Brodie Grundy's tackle- what's the verdict?

Should Brodie Grundy be suspended for his tackle on ben brown?

  • No

    Votes: 119 73.0%
  • Yes

    Votes: 44 27.0%

  • Total voters
    163

DaVe86

Norm Smith Medallist
Oct 6, 2004
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One of the things that gets me is intent. I like Ollie Wines, but there was no excuse for that. We've all had that mad brain rush to the head playing footy when you line someone up with the intention to hurt. (Well I did anyway) That's what it looked like.
To my mind intent is worse than outcome. The game is not administered that way .
The AFL is just in many ways reflective of the legal system. Outcome has a huge bearing on a sentence.

There is a legal principle that you take a person as you find them.

If you punch 2 people with exactly the same force, in exactly the same spot, yet one dies and one lives...then it's not murder for both. You just got lucky on the 2nd one because the person had a thicker skull or was not as susceptible to injury.

The same applies to footy. You can't rub someone out for extreme force if the incident didn't cause an extreme outcome.

Having said that, the intent and action still needs to be a very important factor as well. Perhaps the outcome should determine the length of the penalty (ie murder might be 25 years, assault 15)....but it shouldn't be the determinative factor as to whether a person gets rubbed out. Attempted murder is still a crime for example, even if you didn't get the outcome you were after!

The first assessment needs to be whether the act actually constitutes an offence (regardless of the outcome), and then the outcome should be factored in when it comes to grading.

I think this is what you get when you have 2 ex-footballers on the MRP. They don't have a legal background and aren't experts in applying law. This is why I am a strong advocate of players challenging MRP decisions. I like the tribunal process to make the ultimate decision sometimes where there is grey. I hate that players pretty much blindly accept MRP decisions.

Wines was extremely lucky.
 

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Countrypie

Club Legend
Apr 10, 2012
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The AFL is just in many ways reflective of the legal system. Outcome has a huge bearing on a sentence.

There is a legal principle that you take a person as you find them.

If you punch 2 people with exactly the same force, in exactly the same spot, yet one dies and one lives...then it's not murder for both. You just got lucky on the 2nd one because the person had a thicker skull or was not as susceptible to injury.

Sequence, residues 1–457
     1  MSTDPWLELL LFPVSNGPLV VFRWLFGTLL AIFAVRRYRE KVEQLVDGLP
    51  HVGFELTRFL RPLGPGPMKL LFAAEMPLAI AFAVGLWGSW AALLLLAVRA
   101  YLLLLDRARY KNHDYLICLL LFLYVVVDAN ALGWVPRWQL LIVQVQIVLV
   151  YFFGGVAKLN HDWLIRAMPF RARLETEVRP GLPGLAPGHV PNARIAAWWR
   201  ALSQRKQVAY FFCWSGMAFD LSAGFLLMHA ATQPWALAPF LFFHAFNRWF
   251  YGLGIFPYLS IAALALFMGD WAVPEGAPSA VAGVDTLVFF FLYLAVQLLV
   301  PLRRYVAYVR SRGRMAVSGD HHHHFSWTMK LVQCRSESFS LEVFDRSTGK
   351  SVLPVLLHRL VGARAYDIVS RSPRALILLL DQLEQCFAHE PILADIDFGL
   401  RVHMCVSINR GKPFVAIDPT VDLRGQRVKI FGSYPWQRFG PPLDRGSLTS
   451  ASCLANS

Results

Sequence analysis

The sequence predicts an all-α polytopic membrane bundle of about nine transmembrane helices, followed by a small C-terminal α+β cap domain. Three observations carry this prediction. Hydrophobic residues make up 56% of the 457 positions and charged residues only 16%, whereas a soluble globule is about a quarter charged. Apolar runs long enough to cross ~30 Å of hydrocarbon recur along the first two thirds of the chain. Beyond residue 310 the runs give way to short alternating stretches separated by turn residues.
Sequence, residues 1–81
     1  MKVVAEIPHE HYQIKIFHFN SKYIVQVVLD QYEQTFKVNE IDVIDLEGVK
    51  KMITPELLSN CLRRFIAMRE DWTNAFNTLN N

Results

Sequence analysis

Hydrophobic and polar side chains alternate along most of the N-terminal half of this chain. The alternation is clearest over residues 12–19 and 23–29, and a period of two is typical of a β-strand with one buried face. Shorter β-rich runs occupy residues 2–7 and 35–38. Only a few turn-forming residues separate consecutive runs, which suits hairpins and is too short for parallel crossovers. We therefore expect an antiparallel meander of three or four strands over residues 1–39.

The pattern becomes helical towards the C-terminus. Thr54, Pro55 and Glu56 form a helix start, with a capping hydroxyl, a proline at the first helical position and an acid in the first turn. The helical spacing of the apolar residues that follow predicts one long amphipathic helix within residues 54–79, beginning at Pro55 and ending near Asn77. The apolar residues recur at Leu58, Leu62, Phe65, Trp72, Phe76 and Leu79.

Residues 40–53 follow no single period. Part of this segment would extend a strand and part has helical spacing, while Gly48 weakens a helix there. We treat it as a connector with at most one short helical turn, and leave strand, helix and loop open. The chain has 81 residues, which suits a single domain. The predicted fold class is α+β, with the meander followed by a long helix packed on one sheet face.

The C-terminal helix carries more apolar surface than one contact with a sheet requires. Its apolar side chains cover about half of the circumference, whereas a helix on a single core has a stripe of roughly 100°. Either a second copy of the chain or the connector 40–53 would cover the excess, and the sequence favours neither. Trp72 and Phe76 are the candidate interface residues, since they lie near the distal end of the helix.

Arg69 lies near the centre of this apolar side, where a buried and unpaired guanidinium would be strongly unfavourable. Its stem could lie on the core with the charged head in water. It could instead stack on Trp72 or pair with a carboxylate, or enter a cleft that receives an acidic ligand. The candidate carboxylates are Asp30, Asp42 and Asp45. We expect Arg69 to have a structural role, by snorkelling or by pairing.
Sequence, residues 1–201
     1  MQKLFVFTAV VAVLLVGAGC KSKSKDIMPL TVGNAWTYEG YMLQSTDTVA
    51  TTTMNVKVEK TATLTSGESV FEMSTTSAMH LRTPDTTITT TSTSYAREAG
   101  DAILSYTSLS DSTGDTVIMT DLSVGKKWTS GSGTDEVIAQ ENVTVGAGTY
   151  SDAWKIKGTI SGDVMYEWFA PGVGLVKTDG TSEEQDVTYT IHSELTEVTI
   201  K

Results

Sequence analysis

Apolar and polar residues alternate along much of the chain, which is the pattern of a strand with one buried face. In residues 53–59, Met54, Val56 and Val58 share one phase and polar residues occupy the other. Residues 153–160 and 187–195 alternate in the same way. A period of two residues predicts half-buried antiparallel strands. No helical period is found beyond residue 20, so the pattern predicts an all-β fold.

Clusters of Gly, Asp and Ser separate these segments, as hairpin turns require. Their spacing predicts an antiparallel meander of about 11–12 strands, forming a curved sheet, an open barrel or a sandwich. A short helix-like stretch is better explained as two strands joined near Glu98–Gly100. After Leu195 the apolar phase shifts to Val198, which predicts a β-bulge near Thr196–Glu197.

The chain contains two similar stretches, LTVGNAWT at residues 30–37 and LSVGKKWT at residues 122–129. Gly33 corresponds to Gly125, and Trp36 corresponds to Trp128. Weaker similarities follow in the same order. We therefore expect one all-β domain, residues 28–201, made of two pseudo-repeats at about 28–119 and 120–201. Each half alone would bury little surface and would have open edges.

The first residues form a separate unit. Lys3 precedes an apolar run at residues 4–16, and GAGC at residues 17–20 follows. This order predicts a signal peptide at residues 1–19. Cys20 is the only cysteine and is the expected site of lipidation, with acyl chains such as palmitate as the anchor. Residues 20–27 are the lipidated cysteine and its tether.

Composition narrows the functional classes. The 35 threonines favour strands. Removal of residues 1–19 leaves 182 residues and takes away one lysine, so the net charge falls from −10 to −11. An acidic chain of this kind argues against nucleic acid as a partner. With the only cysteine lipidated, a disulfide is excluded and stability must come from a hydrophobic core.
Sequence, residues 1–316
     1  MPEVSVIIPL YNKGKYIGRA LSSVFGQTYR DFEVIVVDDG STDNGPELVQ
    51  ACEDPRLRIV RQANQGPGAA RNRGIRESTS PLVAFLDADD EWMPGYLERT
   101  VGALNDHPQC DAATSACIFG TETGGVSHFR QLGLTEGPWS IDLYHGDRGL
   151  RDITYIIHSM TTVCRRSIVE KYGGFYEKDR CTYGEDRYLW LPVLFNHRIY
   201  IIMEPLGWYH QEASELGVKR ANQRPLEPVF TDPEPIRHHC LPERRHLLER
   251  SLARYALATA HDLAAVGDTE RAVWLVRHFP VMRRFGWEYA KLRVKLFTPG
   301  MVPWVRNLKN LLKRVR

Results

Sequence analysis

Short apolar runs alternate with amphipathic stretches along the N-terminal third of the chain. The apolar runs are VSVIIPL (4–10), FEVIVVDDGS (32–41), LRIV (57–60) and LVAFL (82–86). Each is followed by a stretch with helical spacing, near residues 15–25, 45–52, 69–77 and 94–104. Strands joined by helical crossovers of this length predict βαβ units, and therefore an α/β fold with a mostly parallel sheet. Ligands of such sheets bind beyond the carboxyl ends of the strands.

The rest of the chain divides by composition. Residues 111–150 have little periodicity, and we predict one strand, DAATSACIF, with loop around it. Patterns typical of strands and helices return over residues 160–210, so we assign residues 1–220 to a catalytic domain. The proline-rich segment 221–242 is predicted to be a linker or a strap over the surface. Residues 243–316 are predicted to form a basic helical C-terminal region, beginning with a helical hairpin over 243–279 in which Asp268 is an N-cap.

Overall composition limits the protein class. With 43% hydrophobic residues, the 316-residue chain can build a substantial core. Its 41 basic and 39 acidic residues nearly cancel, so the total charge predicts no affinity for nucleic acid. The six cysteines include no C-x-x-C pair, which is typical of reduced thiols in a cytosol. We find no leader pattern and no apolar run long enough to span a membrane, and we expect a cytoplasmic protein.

The same applies to footy. You can't rub someone out for extreme force if the incident didn't cause an extreme outcome.

Having said that, the intent and action still needs to be a very important factor as well. Perhaps the outcome should determine the length of the penalty (ie murder might be 25 years, assault 15)....but it shouldn't be the determinative factor as to whether a person gets rubbed out. Attempted murder is still a crime for example, even if you didn't get the outcome you were after!

The first assessment needs to be whether the act actually constitutes an offence (regardless of the outcome), and then the outcome should be factored in when it comes to grading.

I think this is what you get when you have 2 ex-footballers on the MRP. They don't have a legal background and aren't experts in applying law. This is why I am a strong advocate of players challenging MRP decisions. I like the tribunal process to make the ultimate decision sometimes where there is grey. I hate that players pretty much blindly accept MRP decisions.

Wines was extremely lucky.
Excellent post - what I was trying to do was contrast Grundy & Dangefields legitimate tackles and unfortunate unintended results with Wines' deliberate action and fortunate outcome.

If you like to continue your analogy - Grundy & Danger could be likened to being charged with manslaughter due to negligence whereas Wines' act could be likened to attempted murder. It's not a great analogy because as I've already said, I think WInes made a split second dumb decision, but it was without doubt, intentional.

To my mind when a player deliberately lines somebody up who has disposed of the ball then they should be hit with the kitchen sink.

Neither Grundy, nor Danger's tackles were outside what would be deemed normal behaviour and the consequences were unfortunate. I have no argument with them being rubbed out if similar tackles that didn't result in sanction were cited. There were numerous instances on the weekend of sling tackles where luck rather than good management prevailed. These tackles will continue while the inconsistenc remains.

As for the latest tip rat, Toby Greene - again if it was intentional he should have got more than a fine, if it wasn't there should be no case to answer. What makes it greyer - is that if Selwood, Bontompelli or one of the other media darlings did it there would have been no outrage and probably no report - but that's an entirely different debate
 
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